Wednesday, October 12, 2011

What's in a Name?

Movie titles are important as they are generally among the first things an audience knows about a film that gives some kind of clue about what to expect at the cinema. What a film is called can have a profound impact on audience expectations and when those expectations are not met it frequently leads to disappointment, as we are witnessing at the moment with the particularly daft case of the woman in America who has brought a lawsuit against the makers of the new Ryan Gosling movie, Drive, because it does not contain enough driving.

The meaning of a movie's title is also quite often lost in translation. The first James Bond movie Dr No was reportedly released in China under the slightly confusing moniker of We Don't Need a Doctor, John Travolta's high school musical Grease was released in Argentina under the title Vaseline and in Germany the Zucker Brother's farce Airplane! was sold to audiences as The Unbelievable Trip on a Wacky Airplane, which is surely conclusive proof that the Germans do have a sense of humour after all!

So, having established that titles are important and that a different title can radically alter people's expectations, we come to the case of Martin Scorsese's latest, family film The Invention of Hugo Cabaret, or should that be Hugo Cabaret, or maybe just plain Hugo.

When I heard that Martin Scorsese was making a kids film I was intrigued. Watching someone with that kind of creativity, artistry and vision turn their talents to something new is always interesting. Even though he has been simmering somewhere below his experimental boiling point for some time now, who knows, maybe a nice new model railway is exactly what little Marty needs to get his imagination firing on all cylinders once again.

The film's premise, again, sounds promising. Based on a novel about an orphan boy living in the walls of Gare du Nord station in 1930s Paris, the boy meets one time filmmaker and magician George Melies, the director of such silent film classics as A Trip to the Moon and Conquest of the Pole, who is in possession of a wind-up boy. Scorsese is a well known cineaste and the perfect man to expound the pleasures and delights of the films of one of the early pioneers of fantasy film making. Add to that what sounds like the most surreal set-up he has had to work with since After Hours, which is a very good thing indeed, and this is staring to sound pretty exciting. What fun might Scorsese have playing in the same sandbox as Caro and Jeunet – Delicatessen crossed with Taxi Driver, but for kids (is that possible? You get the idea), who wouldn't want that?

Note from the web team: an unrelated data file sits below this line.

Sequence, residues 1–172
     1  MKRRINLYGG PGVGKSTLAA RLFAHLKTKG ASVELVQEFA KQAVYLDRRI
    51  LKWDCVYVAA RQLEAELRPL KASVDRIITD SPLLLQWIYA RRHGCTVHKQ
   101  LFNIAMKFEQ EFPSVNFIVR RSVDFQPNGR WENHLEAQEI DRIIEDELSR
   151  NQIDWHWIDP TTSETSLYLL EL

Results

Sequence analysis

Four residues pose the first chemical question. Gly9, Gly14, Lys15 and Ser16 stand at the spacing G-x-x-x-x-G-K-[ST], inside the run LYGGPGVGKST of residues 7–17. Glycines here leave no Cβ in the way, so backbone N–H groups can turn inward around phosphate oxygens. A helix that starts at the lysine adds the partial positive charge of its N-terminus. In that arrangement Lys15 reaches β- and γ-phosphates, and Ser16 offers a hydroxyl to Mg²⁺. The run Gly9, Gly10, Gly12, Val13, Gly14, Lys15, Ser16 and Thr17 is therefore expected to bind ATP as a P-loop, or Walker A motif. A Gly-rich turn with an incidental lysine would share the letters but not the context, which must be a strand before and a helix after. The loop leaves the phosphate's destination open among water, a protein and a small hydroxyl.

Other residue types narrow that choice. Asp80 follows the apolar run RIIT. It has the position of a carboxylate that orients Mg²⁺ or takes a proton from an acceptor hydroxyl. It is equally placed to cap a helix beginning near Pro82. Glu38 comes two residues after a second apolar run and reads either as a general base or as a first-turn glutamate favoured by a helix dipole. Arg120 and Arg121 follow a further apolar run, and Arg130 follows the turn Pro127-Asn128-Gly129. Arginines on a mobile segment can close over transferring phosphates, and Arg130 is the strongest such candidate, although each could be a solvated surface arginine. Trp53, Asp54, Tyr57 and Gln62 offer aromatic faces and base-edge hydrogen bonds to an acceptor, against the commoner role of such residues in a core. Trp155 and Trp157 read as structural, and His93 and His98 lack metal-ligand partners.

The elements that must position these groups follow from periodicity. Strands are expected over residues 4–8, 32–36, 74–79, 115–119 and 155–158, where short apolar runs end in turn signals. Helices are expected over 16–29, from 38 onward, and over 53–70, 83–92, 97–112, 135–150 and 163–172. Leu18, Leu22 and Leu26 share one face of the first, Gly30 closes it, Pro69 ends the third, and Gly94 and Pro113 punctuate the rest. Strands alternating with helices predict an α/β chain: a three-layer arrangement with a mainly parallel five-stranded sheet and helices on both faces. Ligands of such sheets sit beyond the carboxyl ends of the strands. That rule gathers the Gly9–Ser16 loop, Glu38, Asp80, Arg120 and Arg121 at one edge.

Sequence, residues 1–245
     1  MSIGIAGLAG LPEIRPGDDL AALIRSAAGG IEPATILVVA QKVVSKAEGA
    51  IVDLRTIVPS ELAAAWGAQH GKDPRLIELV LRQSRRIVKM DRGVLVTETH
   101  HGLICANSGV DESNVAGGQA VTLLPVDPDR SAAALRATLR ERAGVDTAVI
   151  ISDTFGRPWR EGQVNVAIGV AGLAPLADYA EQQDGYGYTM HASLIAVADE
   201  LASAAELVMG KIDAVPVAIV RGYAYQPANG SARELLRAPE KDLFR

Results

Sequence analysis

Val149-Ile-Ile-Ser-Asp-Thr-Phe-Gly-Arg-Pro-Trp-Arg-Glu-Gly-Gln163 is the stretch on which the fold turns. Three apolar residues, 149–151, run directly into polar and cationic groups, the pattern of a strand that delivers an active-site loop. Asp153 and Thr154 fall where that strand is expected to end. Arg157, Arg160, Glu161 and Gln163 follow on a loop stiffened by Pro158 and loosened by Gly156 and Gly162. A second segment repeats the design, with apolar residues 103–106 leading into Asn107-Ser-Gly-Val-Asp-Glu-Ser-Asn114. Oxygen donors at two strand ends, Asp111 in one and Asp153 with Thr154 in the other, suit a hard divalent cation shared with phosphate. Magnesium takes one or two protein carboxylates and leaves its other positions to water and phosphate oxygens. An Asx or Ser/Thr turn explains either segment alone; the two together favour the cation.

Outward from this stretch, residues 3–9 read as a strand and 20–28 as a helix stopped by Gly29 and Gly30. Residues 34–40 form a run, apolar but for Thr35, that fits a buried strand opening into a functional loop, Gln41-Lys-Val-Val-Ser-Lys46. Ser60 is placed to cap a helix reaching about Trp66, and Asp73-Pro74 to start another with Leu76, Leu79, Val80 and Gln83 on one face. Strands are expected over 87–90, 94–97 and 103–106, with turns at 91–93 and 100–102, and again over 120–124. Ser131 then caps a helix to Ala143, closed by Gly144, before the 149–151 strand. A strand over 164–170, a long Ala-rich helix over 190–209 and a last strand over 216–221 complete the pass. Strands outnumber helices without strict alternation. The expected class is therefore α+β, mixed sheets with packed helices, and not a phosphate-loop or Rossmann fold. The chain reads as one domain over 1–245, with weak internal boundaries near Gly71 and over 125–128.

However, when the trailer was released, what we got was not The Invention of Hugo Cabaret, it was not even the less quirky but still slightly strange Hugo Cabaret, no, somewhere in the midst of the production and marketing maelstrom the film had undergone a personality transplant. The Invention of Hugo Cabaret, an offbeat, febrile fantasy, had metamorphosed into a heart-warming comedy-adventure for children of all ages called Hugo, in 3D.

Hugo, unlike The Invention of Hugo Cabaret, is a title that does not inspire or imply anything, it is asinine, dull, timid, and nondescript. It is a blank slate onto which an audience can ascribe whatever attributes they desire. Or none at all. Hugo is hiding a personality very well or hasn't even got one, whereas Hugo Cabaret is clearly an oddball. That is why the name was changed, I am quite sure, and that betrays a dogmatic, slavishly establishment view of what audiences want (nothing with any sort of character!), which I find very disappointing.

The trailer itself is little better. Beautiful crane shots and Steadicam work guide us through a majestic 1930s train station that will look lovely in 3D, but the main action seems to consist of Sacha Baron Cohen falling over, avec the usual trailer cliché of 'inspiring' verbs and adjectives. The same barf-inducing quality is shared with the film's poster, which depicts a large key, sprinkled with fairy dust, inviting audiences to 'open a doorway onto a world' or 'step inside a magical kingdom', or whatever. Because, ultimately, the campaign tells us, Hugo is a window onto whatever wonderful world/forgotten childhood you want it to be.

We will find out what the film is like in - What's in a Name? - Keyword description


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